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  • Unruly IntimaciesThe Body and the Midwest in the Works of Roxane Gay
  • Freda L. Fair
Roxane Gay, Hunger: A Memoir of (My) Body. New York: HarperCollins, 2017. 320 pp. $25.99.
—, Difficult Women. New York: Grove Press, 2017. 320 pp. $16.00.
—, Bad Feminist: Essays. New York: HarperCollins, 2014. 336 pp. $15.99.

The body emerges as the primary site through which to examine contemporary social life in Roxane Gay's Bad Feminist: Essays (2014), Difficult Women (2017a), and Hunger: A Memoir of (My) Body (2017b). Of particular interest to Gay is the body that refuses to be disciplined with identity itself being an: "expression of the fear of unruly bodies" (2017b, 165). The "unruly body" then in its capacity to account for diverse practices of living as well as regulation articulates embodiment as a racialized, gendered, and sexualized process. Gay's upbringing in Nebraska along with her extensive years living in the rural Midwest and attending and teaching at Midwest educational institutions including Michigan Technological University where she completed her doctoral degree in Rhetoric and Technical Communication; the University of Nebraska–Lincoln, where she completed her master's degree; Eastern Illinois University, where she taught English; and her current position as Associate Professor of English at Purdue University in West Lafayette, Indiana, position her well to compellingly write about the region. Readers seeking heterogeneous approaches to intimacy and the social construction of the body will appreciate the contributions offered by all three books. This review considers the body and intimacy in [End Page 117] Gay's writing with respect to social interaction, popular feminism, and the American Midwest.

Gay imaginatively introduces us to the unruliness of the body through the indelible traces of intimacy. With a focus on such topics as emotional deprivation, loneliness, social isolation, trauma, addiction, desire, abuse, psychological and social defense mechanisms, and love among others, the body comes into focus in Gay's writing through the intimacies it encounters. We get to know the body that is always present, never out of mind: "I am never allowed to forget the realities of my body, how my body offends the sensibilities of others, how my body dares to take up too much space" (Gay 2017b, 267–68, 165). The always thought body is unruly in its evasion of external attempts to manage it.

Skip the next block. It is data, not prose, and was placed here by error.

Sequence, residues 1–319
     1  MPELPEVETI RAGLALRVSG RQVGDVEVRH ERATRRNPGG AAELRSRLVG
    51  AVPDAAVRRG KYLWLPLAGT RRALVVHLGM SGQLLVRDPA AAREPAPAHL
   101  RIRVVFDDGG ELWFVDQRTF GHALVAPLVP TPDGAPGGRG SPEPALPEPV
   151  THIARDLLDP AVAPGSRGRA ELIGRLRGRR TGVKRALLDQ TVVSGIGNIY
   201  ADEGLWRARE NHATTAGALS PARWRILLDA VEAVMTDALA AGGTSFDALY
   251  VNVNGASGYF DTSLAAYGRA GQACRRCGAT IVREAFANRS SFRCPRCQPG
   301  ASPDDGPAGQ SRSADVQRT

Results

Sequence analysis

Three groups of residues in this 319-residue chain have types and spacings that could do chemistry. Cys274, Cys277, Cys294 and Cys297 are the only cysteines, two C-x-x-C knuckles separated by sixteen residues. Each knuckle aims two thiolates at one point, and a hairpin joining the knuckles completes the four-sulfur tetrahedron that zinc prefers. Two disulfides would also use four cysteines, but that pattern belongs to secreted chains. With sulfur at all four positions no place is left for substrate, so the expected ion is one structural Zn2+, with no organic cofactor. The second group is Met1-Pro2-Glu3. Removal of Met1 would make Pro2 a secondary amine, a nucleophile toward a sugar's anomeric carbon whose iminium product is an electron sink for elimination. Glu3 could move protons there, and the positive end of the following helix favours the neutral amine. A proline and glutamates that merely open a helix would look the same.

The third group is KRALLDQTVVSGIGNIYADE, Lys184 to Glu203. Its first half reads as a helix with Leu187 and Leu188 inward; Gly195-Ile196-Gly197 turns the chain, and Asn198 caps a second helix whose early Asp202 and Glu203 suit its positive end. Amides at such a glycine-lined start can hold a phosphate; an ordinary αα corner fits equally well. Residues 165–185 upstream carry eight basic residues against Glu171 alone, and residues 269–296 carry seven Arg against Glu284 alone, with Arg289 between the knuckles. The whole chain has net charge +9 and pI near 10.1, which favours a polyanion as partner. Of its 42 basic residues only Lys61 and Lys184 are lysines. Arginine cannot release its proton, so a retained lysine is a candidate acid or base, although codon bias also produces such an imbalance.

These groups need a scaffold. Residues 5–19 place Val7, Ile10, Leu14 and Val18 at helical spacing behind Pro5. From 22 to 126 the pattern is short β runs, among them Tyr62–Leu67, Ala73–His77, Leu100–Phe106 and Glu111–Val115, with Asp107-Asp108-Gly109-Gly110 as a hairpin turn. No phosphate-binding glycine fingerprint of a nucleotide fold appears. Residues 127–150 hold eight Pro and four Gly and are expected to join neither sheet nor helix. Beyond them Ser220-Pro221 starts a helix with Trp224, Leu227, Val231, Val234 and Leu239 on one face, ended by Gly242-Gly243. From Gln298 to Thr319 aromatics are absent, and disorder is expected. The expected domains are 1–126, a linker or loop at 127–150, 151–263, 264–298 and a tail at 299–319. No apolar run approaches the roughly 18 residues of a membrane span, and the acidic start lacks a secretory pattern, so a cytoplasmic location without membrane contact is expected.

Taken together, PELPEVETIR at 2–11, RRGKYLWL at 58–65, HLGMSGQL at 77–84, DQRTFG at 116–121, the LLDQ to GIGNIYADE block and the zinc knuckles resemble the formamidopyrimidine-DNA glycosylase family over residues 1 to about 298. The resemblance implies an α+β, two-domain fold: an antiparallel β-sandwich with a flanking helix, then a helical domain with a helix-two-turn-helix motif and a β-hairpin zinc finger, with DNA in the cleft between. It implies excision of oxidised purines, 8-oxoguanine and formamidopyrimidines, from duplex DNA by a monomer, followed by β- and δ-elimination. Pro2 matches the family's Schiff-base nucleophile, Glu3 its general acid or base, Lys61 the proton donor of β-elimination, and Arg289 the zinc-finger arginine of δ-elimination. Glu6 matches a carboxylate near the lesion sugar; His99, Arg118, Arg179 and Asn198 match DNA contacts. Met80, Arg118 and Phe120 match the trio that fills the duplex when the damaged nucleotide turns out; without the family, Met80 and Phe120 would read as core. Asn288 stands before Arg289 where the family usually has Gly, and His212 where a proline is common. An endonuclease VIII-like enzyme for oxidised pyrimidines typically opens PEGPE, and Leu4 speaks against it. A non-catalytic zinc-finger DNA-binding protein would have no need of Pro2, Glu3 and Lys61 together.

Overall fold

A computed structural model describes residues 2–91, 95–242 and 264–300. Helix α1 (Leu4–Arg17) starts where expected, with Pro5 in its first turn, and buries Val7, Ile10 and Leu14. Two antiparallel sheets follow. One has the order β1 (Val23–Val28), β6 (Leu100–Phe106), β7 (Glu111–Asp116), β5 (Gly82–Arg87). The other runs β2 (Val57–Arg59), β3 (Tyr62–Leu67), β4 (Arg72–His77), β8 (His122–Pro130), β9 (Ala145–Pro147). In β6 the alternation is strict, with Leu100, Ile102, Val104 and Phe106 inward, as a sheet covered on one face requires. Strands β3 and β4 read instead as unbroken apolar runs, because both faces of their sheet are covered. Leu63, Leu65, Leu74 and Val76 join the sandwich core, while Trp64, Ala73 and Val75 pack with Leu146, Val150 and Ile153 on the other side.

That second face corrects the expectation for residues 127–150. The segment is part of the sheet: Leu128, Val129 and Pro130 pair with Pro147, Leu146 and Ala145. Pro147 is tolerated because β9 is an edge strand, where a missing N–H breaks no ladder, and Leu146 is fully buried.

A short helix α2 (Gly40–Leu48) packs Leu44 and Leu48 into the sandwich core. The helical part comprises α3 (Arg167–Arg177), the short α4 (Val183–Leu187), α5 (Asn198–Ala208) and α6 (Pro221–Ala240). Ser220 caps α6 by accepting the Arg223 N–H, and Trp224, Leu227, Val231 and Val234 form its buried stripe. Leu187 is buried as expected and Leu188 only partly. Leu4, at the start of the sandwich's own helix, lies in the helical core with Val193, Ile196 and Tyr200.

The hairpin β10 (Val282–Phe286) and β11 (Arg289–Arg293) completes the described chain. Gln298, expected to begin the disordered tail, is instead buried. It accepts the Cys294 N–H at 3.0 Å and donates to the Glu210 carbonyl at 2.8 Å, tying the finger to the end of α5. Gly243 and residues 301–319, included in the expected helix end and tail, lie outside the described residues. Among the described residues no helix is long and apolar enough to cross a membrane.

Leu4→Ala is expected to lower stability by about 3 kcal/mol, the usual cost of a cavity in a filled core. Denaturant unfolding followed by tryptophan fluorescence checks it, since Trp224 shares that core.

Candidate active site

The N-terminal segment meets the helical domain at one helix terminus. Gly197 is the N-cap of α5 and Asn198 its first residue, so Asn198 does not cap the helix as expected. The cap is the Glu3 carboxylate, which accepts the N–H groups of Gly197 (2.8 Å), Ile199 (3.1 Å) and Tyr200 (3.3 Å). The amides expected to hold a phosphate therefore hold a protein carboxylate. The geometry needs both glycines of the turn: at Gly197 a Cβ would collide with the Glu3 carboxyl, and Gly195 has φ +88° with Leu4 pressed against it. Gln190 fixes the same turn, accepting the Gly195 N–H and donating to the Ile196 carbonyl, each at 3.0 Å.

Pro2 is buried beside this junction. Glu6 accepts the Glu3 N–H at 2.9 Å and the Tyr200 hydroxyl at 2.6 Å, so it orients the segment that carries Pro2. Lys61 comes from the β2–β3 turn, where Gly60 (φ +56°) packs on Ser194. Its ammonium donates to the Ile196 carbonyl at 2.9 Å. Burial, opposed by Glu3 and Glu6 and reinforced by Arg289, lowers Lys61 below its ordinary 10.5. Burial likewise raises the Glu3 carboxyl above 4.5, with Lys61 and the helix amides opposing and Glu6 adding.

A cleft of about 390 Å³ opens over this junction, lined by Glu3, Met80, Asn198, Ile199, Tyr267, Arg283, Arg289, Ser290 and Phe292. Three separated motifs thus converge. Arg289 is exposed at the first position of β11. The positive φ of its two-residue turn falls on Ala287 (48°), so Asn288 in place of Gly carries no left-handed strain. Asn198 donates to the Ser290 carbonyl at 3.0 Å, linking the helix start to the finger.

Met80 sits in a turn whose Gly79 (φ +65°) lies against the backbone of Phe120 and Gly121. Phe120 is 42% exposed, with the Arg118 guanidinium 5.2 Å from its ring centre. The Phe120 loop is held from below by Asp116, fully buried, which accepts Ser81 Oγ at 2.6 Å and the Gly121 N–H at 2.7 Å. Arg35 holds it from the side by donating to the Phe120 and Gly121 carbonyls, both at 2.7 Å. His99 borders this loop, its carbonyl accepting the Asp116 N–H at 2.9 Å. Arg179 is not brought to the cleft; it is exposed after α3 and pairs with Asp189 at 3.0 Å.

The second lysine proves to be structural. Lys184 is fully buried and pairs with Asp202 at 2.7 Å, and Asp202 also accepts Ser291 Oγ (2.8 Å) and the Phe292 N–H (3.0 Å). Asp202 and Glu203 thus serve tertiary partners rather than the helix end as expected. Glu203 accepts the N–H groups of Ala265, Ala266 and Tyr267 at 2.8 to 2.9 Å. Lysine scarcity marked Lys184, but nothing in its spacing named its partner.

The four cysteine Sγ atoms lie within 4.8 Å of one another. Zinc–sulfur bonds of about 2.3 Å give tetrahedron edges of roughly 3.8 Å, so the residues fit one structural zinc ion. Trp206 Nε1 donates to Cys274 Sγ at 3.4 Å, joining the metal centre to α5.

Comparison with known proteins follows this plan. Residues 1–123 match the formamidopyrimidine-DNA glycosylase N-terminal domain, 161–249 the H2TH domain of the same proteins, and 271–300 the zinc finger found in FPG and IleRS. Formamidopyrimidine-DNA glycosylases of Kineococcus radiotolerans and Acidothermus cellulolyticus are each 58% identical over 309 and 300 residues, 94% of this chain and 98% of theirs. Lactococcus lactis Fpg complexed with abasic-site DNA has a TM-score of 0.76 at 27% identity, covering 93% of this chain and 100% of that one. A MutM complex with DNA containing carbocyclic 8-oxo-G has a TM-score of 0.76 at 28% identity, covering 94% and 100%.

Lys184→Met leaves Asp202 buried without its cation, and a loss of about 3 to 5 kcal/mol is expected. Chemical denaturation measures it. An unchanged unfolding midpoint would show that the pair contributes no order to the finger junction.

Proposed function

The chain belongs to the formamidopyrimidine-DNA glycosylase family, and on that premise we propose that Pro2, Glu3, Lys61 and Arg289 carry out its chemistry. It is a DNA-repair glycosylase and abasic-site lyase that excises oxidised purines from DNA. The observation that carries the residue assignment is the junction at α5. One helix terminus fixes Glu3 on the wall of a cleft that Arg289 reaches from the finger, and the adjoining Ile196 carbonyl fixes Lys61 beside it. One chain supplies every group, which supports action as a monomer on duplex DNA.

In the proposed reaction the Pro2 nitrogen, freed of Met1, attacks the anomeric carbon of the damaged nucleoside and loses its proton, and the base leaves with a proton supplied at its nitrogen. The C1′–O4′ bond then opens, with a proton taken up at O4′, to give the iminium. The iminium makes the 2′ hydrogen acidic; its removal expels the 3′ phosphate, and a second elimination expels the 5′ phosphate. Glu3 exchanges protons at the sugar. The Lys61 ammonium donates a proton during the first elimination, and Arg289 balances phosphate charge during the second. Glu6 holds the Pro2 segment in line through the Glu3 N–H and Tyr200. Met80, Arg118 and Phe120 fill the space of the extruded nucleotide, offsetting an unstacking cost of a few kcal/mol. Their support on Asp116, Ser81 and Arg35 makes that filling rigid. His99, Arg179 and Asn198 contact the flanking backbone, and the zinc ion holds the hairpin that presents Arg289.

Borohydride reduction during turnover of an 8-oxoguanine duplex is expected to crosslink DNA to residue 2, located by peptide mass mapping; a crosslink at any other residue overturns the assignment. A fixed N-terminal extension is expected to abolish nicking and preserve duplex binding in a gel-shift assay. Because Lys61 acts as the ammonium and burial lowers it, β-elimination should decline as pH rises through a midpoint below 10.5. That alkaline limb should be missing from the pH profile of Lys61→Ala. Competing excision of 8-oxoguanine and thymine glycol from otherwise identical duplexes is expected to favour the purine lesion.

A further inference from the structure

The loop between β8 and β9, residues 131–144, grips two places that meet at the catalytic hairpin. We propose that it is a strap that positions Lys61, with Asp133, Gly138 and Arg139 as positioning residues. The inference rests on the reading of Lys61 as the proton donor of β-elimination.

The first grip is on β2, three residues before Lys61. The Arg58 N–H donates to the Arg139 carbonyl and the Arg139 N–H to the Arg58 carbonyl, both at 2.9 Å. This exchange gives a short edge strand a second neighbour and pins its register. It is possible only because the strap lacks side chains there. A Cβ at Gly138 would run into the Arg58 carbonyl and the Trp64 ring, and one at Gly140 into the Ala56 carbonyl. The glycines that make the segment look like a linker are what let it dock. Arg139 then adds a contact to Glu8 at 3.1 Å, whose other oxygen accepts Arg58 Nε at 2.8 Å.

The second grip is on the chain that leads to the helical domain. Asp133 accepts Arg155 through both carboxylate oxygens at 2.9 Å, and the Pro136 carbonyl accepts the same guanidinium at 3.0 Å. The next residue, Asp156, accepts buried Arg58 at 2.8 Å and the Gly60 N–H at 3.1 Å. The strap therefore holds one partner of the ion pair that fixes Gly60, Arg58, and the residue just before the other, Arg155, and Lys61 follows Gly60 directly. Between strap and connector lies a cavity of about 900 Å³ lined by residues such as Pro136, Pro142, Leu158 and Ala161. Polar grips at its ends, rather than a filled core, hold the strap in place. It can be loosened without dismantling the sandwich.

The short stories in Difficult Women offer a conceptual bridge between the memoir Hunger and the political and cultural critique and commentary offered by Gay's essays in Bad Feminist. The stories in Difficult Women collectively demonstrate the reach of Gay's keen talent for writing into and out of marginality while exposing the dysfunction that undergirds normality. For example, the protagonist, Bianca, in the story: "Water, All Its Weight" is followed all her life by an unending flow of water that without fail damages her living spaces and relationships. As Bianca grows older, "the more the stain grew" (Gay 2017a, 25) eventually turning to mold on the ceiling above her bed. Bianca works in an office, goes to public places like the gym, and gets married and divorced further delineating the unruly body circumscribed by unyielding precipitation as both yearning for and haunted by an unwillingness to cede altogether social interaction. The unruly body here labors to survive even as "the watery rot" that pervades its existence persists.

Hunger documents Gay's experience of sexual and bodily trauma and related challenges with body image. Perhaps the only mention of intimacy or the "intimate" in Hunger appears in reference to Gay's attendance at a question and answer session for gastric bypass surgery. As Gay describes, the most inquisitive of the other attendees, a woman who looked as if she did not need the surgery, but took up most of the time: "asking intimate, personal questions that broke my heart" (2017b, 8). This account of the intimate as experienced through social interaction highlights the ways in which one's own bodily understanding can influence and trespass onto the bodies of others.

Difficult Women elucidates intimacy through a dystopic family living in the shadow of a coal miner father, Hiram Hightower, who flew into [End Page 118] the sun and disappeared it in...


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